A solution of 380.14 g Cr(NO3)3[9(H2O)] (0.950 mole) and 14.87 g Zn(NO3)2[6(H2O)] (0.050 mole) was prepared in 1000 mL of deionized water. The solution was treated with 450 mL of 7.4M aqueous ammonium hydroxide over the course of one hour; the pH increased from 1.7 to pH 8.4. The slurry was stirred at room temperature overnight and then dried at 120° C. in an oven in the presence of air. The dried solid was then calcined in air at 900° C. for 20 hours; the resulting solid weighed 70.06 g. The catalyst was pelletized (−12 to +20 mesh (1.68 to 0.84 mm)) and 25.3 g (14 mL) was used in Examples 1 and 2.

Preparation Example 5 Preparation of 98% Chromium/2% Zinc Catalyst (900° C.)

A solution of 392.15 g Cr(NO3)3[9(H2O)] (0.980 mole) and 5.94 g Zn(NO3)2[6(H2O)] (0.020 mole) was prepared in 1000 mL of deionized water. The solution was treated with 450 mL of 7.4M aqueous ammonium hydroxide over the course of 0.58 hour; the pH increased from 1.67 to pH 8.35. The slurry was stirred at room temperature overnight and then dried at 120° C. in an oven in the presence of air. The dried solid was then calcined in air at 900° C. for 21 hours; the resulting solid weighed 66.00 g. The catalyst was pelletized (−12 to +20 mesh (1.68 to 0.84 mm)) and 44.9 g (23 mL) was used in Examples 7 and 8.

Preparation Example 6 Preparation of 10% Zinc chloride supported on Chromium oxide

A solution of 6.0 g ZnCl2 (44 mmoles) in 300 mL of deionized water contained in a 170 mm×90 mm glass dish was treated with 60.00 g (0.357 mole) of 12-20 mesh Cr2O3. The dish was placed on a warm hot plate and the slurry allowed to dry with occasional stirring. The resulting solid was then dried overnight at 130° C.; the resulting solid weighed 65.02 g. The catalyst was pelletized (−12 to +20 mesh (1.68 to 0.84 mm)) and 37.5 g (25 mL) was used in Examples 10 and 11.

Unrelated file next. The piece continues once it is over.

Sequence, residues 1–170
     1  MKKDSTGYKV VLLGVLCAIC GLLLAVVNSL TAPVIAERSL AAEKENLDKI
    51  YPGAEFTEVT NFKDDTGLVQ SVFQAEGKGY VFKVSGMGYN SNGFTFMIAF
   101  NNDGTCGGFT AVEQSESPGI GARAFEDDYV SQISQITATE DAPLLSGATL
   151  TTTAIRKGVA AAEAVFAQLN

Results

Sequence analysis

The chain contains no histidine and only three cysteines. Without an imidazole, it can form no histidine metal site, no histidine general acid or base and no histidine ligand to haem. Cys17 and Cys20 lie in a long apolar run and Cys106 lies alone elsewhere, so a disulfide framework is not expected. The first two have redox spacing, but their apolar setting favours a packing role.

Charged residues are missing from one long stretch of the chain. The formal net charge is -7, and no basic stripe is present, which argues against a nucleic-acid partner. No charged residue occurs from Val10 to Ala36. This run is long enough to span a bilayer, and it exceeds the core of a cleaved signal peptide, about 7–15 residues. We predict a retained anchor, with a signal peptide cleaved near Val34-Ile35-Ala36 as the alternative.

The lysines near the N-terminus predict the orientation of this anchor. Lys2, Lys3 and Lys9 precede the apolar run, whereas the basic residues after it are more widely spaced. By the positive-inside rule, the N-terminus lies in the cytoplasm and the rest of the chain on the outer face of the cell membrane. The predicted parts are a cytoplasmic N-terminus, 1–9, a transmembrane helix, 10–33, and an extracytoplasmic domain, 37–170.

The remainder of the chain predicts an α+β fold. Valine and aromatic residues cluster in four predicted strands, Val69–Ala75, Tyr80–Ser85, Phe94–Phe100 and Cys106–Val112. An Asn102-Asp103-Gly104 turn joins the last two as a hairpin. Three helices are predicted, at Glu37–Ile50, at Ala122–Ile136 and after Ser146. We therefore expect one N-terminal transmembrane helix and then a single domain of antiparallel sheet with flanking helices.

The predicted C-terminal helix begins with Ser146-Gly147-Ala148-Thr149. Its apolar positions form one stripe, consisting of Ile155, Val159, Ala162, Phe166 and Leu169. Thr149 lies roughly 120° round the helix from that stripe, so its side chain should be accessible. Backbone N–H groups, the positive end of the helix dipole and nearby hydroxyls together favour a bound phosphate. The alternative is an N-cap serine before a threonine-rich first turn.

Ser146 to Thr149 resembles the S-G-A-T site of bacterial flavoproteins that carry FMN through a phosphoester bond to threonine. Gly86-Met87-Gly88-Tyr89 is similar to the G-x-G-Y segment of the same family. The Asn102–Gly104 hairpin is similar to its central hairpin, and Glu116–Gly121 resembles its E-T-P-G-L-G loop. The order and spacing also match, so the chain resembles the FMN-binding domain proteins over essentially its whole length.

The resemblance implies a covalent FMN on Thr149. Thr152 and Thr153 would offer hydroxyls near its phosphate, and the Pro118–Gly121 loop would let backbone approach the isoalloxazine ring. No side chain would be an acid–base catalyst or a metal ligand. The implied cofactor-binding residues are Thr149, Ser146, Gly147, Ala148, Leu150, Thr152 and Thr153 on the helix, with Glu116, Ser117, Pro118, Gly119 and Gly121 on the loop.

Preparation Example 7 Preparation of 98.1% Chromium/1.9% Zinc Catalyst (550° C.)

A solution of 516.46 g Cr(NO3)3[9(H2O)] (1.29 moles) and 7.31 g Zn(NO3)2[6(H2O)] (0.0246 mole) was prepared in 500 mL of distilled water in 1 L beaker resting on a hot plate. The mixture was then transferred to a Pyrex™ container and the container placed in a furnace. The container was heated from room temperature to 125° C. at 10° C./min and then held at 125° C. for six hours. The container was heated from 125° C. to 350° C. at 1° C./min and then held at 350° C. for six hours. The container was heated from 350° C. to 550° C. at 1° C./min and then held at 550° C. for 24 hours. The catalyst was pelletized (−12 to +20 mesh (1.68 to 0.84 mm)) and 29.9 g (20 mL) was used in Example 12.

Preparation Example 8 Preparation of 80% Chromium/20% Zinc Catalyst (900° C.)

A solution of 320.12 g of Cr(NO3)3[9(H2O)] (0.800 mole) and 59.49 g Zn(NO3)2[6(H2O)] (0.200 mole) was prepared in 1000 mL of deionized water. The solution was treated with 450 mL of 7.4M aqueous ammonium hydroxide over the course of one hour; the pH increased from about 1.7 to about pH 8.4. The slurry was stirred at room temperature overnight and then dried at 120° C. in an oven in the presence of air. The dried solid was then calcined in air at 900° C. for 22 hours; the resulting solid weighed 75.80 g. The catalyst was pelletized (−12 to +20 mesh, (1.68 to 0.84 mm)) and 41.7 g (25 mL) was used in Example 3.

Examples 1-13 and Comparative Examples 14 General Procedure for Chlorofluorination